Common Cuckoo (Cuculus canorus)
Cuculiformes or cuckoos, is a order of birds, Cuculidae, the sole taxon in the order Cuculiformes. The cuckoo family includes the common cuckoo, roadrunners, koels, malkohas, couas, coucals and anis. The coucals and anis are sometimes separated as distinct families, the Centropodidae and Crotophagidae respectively. The cuckoo order Cuculiformes is one of three that make up the Otidimorphae, the other two being the turacos and the bustards.
The cuckoos are generally medium-sized slender birds. Most species live in trees, though a sizeable minority are ground-dwelling. The family has a cosmopolitan distribution, with the majority of species being tropical. Some species are migratory. The cuckoos feed on insects, insect larvae and a variety of other animals, as well as fruit. Some species are brood parasites, laying their eggs in the nests of other species, but the majority of species raise their own young.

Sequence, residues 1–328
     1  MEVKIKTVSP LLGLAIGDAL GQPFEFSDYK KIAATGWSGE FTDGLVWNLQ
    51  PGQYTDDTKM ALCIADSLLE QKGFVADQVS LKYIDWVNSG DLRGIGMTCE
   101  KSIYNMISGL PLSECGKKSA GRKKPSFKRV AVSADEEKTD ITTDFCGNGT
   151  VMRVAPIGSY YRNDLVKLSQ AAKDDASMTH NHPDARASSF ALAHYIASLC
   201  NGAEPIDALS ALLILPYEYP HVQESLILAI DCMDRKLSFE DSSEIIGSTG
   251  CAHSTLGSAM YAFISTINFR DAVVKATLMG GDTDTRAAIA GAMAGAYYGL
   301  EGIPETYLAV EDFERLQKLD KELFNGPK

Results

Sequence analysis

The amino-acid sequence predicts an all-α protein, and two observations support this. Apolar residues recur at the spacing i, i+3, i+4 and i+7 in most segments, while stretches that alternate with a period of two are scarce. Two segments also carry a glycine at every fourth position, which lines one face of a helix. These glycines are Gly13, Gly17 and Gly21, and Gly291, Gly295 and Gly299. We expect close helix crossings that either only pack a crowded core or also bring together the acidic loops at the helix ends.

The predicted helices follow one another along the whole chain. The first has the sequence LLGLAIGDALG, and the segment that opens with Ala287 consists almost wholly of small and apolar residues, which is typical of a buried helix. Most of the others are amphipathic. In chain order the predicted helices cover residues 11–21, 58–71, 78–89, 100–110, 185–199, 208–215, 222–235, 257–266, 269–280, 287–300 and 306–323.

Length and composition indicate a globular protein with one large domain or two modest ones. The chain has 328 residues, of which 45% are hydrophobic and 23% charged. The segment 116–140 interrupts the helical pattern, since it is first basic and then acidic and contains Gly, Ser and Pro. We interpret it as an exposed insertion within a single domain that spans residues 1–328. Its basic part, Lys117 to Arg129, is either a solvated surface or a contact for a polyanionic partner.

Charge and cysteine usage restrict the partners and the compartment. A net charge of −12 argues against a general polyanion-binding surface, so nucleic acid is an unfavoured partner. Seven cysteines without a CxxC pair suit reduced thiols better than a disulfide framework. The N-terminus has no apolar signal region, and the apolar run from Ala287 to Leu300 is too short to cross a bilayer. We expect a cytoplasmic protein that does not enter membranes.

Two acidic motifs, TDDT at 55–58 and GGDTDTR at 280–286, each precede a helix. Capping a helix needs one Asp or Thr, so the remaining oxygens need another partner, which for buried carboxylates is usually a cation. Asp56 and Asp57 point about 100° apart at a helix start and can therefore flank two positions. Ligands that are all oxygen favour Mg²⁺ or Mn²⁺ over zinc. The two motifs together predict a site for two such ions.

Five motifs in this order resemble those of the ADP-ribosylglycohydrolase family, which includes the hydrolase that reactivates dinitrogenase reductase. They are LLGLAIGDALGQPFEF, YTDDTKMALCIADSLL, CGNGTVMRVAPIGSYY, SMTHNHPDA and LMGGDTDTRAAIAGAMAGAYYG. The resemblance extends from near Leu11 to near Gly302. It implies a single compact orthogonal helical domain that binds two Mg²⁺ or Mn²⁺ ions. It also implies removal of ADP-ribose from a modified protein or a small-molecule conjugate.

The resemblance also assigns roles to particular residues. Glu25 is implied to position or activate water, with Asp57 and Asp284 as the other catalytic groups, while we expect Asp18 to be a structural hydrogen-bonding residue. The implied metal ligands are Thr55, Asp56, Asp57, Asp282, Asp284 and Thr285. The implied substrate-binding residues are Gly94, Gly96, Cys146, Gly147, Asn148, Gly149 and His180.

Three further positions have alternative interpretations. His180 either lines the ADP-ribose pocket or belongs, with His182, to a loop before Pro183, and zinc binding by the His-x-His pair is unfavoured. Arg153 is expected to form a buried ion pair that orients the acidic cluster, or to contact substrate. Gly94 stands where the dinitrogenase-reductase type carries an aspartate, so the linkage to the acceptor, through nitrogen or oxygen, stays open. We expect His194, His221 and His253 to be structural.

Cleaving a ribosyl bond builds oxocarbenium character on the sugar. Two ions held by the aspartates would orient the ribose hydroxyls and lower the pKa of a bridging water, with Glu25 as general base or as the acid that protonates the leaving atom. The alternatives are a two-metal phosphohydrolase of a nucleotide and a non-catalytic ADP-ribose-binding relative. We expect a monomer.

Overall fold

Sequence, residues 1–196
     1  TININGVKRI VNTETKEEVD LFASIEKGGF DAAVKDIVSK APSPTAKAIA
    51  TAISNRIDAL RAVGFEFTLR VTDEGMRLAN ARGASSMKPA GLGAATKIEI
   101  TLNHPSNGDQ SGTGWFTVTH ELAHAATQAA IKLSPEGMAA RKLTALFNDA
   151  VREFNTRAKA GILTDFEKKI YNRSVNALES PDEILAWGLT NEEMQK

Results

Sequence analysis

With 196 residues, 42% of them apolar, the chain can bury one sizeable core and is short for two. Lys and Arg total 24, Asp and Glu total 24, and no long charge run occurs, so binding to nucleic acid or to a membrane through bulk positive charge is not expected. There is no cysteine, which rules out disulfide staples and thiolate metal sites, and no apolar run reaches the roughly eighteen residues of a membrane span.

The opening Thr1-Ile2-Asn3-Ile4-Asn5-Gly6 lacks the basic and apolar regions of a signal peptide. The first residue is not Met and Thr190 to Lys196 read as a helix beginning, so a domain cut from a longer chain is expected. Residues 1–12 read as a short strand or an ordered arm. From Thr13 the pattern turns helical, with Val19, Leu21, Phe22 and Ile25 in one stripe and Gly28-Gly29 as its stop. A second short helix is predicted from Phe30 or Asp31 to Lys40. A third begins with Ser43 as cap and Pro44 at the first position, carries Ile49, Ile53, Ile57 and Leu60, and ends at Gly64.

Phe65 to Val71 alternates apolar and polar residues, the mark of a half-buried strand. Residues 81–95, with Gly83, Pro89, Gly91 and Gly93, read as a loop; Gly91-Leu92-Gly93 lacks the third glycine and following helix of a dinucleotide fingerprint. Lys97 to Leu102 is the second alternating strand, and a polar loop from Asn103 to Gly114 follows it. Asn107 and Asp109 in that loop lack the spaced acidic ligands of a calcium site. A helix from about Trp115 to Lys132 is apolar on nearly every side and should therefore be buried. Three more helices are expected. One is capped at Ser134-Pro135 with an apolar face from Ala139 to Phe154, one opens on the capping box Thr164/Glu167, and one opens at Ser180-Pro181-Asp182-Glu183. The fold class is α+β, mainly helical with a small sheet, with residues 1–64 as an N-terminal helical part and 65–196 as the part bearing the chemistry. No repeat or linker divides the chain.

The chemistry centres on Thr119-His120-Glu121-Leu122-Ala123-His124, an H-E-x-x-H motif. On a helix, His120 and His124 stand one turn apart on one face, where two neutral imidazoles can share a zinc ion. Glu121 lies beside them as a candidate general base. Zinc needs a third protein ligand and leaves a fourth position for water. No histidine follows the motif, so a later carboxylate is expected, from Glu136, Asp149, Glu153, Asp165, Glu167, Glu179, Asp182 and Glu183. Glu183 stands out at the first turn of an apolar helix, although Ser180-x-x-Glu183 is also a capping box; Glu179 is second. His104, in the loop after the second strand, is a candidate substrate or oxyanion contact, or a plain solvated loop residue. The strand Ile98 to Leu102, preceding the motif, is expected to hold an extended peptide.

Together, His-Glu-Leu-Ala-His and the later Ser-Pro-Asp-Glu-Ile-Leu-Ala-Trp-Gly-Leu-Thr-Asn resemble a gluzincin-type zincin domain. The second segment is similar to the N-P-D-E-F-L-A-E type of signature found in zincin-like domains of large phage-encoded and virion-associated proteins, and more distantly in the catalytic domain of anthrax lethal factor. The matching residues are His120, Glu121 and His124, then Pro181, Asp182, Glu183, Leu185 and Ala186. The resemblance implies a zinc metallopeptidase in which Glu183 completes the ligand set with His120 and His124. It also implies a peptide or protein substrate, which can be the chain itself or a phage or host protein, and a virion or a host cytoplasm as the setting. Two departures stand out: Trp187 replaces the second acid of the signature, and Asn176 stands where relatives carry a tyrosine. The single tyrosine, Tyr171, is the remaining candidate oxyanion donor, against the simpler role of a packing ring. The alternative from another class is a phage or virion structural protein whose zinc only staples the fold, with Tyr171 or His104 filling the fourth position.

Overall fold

Cuckoos have played a role in human culture for thousands of years, appearing in Greek mythology as sacred to the goddess Hera. In Europe, the cuckoo is associated with spring, and with cuckoldry, for example in Shakespeare's Love's Labour's Lost. In India, cuckoos are sacred to Kamadeva, the god of desire and longing, whereas in Japan, the cuckoo symbolises unrequited love.
Subfamily: Cuculinae (Brood-parasitic cuckoos) Genus: Cercococcyx (long-tailed cuckoos) (3 species) Genus: Clamator (4 species) Genus: Cuculus (typical cuckoos) (11 species) Genus: †Eocuculus (fossil: Late Eocene) Genus: Hierococcyx (hawk-cuckoos) (8 species) Genus: Pachycoccyx (Monotype)